Lake Norman & Mooresville

A look back at East Lincoln’s football championship run

It had all the telltale signs of an ambush.

There they were – several squad cars and at least one vehicle from the fire department – waiting, their flashing lights illuminating a cold Saturday night in December.

The Denver police had received a tip, one they’d been hoping to hear since their home-town East Lincoln football team bested Franklin 31-21 in the N.C. High School Athletic Association 2AA state semifinals eight days prior: The Mustangs had won another state championship.

As word of the Mustangs’ 14-13 win over Washington in the 2AA championship game at Wake Forest’s BB&T Field on December 13 passed over the radio, the police knew what to do. Heck, they’d done it two years before.

“Coming back into town, four or five police cars and the fire department caught up with us and gave the team bus an official escort back to the field house,” said Mike Byus, who has coached the Mustangs (16-0) for the past decade.

“I missed (the escort) my freshman year,” said East Lincoln junior quarterback Chazz Surratt, who threw for 212 yards to earn championship MVP honors. “This time, I got to experience it and, to be honest, it felt like coming home from a college game.”

For Surratt, who played wide receiver on the 2012 championship team, much has changed in two years.

After throwing for 52 touchdowns and rushing for 18 more during the season, Chazz (whose favorite receiving target is now his 6-foot-2 sophomore brother Sage) is now being recruited by the likes of Duke, North Carolina and N.C. State.

After making three title appearances in the past seven years, the Mustangs – who were averaging 44 points a game this season entering the title game – have earned their respect and high standing in the community.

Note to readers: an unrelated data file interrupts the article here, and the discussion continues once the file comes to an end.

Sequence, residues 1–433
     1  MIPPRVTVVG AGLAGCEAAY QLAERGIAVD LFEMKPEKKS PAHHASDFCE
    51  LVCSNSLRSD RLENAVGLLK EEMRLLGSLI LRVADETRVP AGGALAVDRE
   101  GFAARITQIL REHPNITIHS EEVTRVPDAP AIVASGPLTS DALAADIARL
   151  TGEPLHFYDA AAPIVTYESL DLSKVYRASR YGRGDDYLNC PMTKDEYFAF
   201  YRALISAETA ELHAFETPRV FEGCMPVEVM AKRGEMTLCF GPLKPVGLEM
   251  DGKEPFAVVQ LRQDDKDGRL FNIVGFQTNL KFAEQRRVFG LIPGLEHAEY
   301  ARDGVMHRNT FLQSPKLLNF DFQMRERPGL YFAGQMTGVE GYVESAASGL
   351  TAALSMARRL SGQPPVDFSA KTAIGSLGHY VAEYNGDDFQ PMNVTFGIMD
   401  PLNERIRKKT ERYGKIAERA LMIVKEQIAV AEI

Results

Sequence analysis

Observer columnist Scott Fowler, who lives in close proximity to East Lincoln High School, dubbed the team the “Denver of the East” in a column earlier this season and offered the kind of praise that would turn the Carolina Panthers green with envy.

“Think of the Philadelphia Eagles’ current-day offense under Chip Kelly, but with Steve Young in his San Francisco prime as the quarterback,” Fowler wrote of the experience of taking his children to a Mustangs’ game. “That’s what East Lincoln’s offense looks like in miniature, with coach Byus taking Kelly’s role as offensive guru, and all-everything junior quarterback Chazz Surratt imitating Young.”

It wasn’t until a Week 3 last-second, one-point win over North Lincoln that things really began to click for the Mustangs this season.

“Chazz led us down the field in about 40 seconds and found Damarius Valentine in the end zone for the win,” said Sage, describing the moment that stands out the most to him from this season. “From then on, we just kept getting better and things started rolling.”

Valentine, the team’s offensive MVP who finished the season with 10 touchdowns, is one of 20 seniors that the Mustangs will miss next season.

Byus acknowledged that senior defensive end Triston Dennis (the team’s defensive MVP), who played a huge role in the championship blocking an extra point and forcing a fumble, will be as difficult as anyone to replace.

Byus also noted what a nice job Matt Schenck, the team’s captain, did all season long.

“We’re going to miss all our seniors,” Byus said. “They did a good job holding the team together. Our junior class is talented, but our seniors were willing to play the roles we needed them to play and that’s what makes a good team.”

Asked what his lasting memory from this season will be, Chazz didn’t need much time to think.

“It was hugging my brother after we beat Washington,” he said. “(Sage) wasn’t able to be a part of our championship my freshman year and having him on the field with us made this one special.”

With both brothers coming back looking to repeat as state champions next season, the Denver police might want to consider blocking off the second Saturday night in December now, just to be safe.

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